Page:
Because producing a play is a community effort, for some playwrights becoming part of that community is part of writing for theatre. Other writers prefer the more solitary writing life. While you should choose the path more comfortable for you, at least be aware that there can be more to getting a play produced than writing them and mailing them off to theatres.

Contracts Entertainment attorney Dana Singer has written "Stage Writers Handbook: A Complete Business Guide for Playwrights, Composers, Lyricists and Librettists." The book offers a information about the business of writing for theatre. It's published by the Theatre Communications Group, which also puts out a book about which theatres are reading scripts. Keep in mind that a contract spells out in writing the understanding of all concerned parties about what their expectations and understandings are. It can help avoid misunderstandings from different interpretations of verbal commitments. As a famous studio executive once commented, verbal contracts aren't worth the paper they're written on.

Copyright If you want to take steps to protect your play, you can copyright it with the Library of Congress at http://www.copyright.gov. The fee is $35.

You've Mailed it Off; What Now?

You can expect to wait. Sometimes for days. Sometimes for months. Sometimes for years. Some theatres assign readers to read new manuscripts and make a decision whether to pass them along for further review or simply return them. Other theatres simply have whoever's interested and has the time read new scripts. Others might have scripts reviewed by a committee. There's no single answer here as to what will happen when you submit a script.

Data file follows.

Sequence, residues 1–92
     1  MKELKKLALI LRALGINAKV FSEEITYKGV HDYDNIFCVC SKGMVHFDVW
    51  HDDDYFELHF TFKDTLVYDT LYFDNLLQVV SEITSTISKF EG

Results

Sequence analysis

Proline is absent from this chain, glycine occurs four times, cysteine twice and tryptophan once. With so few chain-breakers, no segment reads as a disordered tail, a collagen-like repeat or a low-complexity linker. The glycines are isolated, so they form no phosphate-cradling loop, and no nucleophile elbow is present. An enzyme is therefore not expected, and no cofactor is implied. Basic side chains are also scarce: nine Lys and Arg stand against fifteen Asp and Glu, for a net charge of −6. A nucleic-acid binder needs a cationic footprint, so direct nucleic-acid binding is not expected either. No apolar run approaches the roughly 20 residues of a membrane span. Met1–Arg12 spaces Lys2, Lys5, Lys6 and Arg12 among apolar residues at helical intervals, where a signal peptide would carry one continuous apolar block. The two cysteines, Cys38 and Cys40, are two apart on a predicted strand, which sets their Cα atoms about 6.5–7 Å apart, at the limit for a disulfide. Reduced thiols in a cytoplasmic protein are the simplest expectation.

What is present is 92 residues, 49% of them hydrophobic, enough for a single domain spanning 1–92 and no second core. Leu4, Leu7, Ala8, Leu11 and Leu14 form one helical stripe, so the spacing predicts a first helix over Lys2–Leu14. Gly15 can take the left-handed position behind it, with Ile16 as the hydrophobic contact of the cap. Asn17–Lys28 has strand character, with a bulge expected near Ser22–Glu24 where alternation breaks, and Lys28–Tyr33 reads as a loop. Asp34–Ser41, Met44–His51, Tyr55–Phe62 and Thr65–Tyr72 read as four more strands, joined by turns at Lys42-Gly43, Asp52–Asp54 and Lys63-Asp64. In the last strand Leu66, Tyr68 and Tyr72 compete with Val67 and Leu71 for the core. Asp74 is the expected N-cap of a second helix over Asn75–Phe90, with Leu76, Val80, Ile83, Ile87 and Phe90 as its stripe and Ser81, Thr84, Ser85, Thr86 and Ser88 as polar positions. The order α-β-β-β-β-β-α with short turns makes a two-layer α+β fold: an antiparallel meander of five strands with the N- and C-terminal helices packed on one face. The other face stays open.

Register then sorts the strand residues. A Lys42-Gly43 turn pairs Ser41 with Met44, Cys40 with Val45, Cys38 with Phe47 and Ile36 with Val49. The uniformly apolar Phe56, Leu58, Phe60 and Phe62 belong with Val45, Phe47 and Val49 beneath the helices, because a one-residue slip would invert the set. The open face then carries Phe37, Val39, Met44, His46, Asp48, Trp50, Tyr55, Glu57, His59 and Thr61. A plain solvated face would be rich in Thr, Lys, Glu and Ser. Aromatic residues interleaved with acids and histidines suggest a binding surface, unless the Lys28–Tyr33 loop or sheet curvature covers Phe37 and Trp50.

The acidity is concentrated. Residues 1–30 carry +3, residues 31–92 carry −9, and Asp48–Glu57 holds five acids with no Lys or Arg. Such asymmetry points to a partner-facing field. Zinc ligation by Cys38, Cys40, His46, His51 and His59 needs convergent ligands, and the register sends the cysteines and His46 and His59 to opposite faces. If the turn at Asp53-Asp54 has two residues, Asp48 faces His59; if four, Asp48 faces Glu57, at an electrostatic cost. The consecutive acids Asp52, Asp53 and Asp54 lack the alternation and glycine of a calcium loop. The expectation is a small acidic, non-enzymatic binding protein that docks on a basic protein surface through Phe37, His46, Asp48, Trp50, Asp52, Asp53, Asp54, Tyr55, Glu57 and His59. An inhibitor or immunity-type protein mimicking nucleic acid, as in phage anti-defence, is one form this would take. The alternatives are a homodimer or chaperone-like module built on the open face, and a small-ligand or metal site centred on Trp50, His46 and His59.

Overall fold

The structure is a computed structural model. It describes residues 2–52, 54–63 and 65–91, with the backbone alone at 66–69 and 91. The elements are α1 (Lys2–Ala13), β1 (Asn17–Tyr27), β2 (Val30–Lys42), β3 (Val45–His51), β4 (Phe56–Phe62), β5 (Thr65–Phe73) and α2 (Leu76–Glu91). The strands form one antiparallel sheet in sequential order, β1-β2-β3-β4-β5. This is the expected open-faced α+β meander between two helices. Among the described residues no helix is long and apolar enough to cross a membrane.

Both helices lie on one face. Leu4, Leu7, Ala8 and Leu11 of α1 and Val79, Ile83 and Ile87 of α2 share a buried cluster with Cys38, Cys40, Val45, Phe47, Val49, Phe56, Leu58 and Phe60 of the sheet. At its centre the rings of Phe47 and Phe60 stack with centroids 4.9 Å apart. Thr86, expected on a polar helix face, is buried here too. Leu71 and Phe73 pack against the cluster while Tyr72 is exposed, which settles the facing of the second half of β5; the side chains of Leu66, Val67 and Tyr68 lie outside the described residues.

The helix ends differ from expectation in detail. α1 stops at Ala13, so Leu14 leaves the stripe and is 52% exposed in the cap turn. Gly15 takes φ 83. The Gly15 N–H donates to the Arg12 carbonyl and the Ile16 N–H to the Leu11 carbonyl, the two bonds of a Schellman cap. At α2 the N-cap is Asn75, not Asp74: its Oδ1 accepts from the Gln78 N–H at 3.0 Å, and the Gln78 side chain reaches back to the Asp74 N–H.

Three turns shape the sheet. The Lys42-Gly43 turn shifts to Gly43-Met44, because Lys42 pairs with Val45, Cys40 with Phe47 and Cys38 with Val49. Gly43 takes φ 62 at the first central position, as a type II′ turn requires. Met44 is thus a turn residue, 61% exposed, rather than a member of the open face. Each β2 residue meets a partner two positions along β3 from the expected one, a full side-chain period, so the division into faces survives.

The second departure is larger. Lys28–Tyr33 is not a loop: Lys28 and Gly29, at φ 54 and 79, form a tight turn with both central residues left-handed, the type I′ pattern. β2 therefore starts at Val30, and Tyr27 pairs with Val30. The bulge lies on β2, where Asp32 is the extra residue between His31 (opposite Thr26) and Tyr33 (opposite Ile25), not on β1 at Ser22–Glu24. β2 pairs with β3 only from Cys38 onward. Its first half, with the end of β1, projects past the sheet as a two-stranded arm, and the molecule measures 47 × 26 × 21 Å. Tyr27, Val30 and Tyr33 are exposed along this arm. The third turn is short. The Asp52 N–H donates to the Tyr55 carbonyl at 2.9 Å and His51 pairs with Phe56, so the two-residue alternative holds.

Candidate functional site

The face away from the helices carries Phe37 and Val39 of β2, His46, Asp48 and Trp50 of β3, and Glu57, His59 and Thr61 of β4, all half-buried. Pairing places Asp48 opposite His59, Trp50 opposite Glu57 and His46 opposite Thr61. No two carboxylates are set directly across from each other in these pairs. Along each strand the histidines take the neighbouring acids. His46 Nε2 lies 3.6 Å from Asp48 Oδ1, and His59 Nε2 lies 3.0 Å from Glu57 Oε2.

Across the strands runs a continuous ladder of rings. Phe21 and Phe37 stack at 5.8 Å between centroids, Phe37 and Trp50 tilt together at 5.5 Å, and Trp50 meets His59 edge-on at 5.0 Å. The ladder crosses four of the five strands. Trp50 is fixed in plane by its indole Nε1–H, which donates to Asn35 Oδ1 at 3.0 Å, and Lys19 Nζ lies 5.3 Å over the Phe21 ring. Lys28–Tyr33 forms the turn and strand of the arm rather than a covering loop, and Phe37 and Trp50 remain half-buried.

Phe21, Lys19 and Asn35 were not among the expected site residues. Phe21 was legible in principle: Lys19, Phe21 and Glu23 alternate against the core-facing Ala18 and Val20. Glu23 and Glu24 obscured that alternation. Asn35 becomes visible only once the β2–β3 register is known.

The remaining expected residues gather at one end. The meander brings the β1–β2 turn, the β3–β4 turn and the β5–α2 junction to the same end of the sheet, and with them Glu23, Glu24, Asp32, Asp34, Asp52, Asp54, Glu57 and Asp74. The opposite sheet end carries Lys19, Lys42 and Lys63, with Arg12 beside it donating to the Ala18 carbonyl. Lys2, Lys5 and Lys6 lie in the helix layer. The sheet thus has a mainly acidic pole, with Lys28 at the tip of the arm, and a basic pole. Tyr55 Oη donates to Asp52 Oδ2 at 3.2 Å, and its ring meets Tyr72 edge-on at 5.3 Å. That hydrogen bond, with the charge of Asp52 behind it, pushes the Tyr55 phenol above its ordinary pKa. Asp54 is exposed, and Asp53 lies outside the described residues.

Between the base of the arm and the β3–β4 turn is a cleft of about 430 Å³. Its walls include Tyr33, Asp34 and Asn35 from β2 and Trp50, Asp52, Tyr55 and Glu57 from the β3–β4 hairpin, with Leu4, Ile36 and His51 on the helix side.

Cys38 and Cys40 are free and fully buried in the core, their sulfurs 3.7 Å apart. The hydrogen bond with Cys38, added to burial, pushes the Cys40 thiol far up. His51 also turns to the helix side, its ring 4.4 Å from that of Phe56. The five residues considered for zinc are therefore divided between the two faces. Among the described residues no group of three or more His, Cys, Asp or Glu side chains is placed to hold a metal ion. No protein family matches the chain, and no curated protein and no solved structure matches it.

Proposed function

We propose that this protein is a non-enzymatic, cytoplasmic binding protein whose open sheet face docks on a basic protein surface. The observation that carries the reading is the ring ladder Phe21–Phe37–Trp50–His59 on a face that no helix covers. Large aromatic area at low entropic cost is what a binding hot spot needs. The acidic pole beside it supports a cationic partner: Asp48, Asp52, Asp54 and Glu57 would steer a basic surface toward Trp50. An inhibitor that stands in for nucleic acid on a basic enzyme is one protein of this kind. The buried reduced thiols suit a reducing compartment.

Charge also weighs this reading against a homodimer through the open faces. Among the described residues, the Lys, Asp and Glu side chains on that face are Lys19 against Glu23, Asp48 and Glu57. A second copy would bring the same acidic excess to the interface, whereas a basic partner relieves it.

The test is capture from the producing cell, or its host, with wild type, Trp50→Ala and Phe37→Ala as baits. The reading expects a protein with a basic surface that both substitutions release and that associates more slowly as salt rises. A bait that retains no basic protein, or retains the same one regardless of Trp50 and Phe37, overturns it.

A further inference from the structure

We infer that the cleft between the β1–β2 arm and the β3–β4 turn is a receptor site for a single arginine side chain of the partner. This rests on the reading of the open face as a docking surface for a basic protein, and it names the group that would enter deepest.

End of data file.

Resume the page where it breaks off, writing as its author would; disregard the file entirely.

You can also call theatres in your community to ask if they're reading scripts and their submission guidelines.

Agents Most agents are only interested in representing writers whose work they can market. If you're an unpublished playwright, you're better off focusing on getting a play produced, but some unproduced writers are able to get agents. Other writers have agents to handle books or screenplays, and their plays are handled as a matter of courtesy. Even if you have an agent, keep in mind that you are the one with the vested interest in getting your plays produced, so even with an agent it's still in your best interest to promote your work by submitting it to theatres.

Contests Some theatres now stage competitions and contests, with the winners being produced/staged. They generally have entry deadlines and guidelines. The nice thing about contests is that if you don't hear by a certain date that you've been selected to be produced, you at least know that someone has reviewed your script.

Some contests charge a reading fee to cover the costs of reviewing scripts and mounting a production of the winning script. While this isn't a good thing for playwrights, for some theatres it's the only way they can manage to stage a competition. It does mean that some competitions are actually scams intended to make money for someone. Some of the worst of these are exposed on-line. If a theatre is asking for any kind of fee, be careful.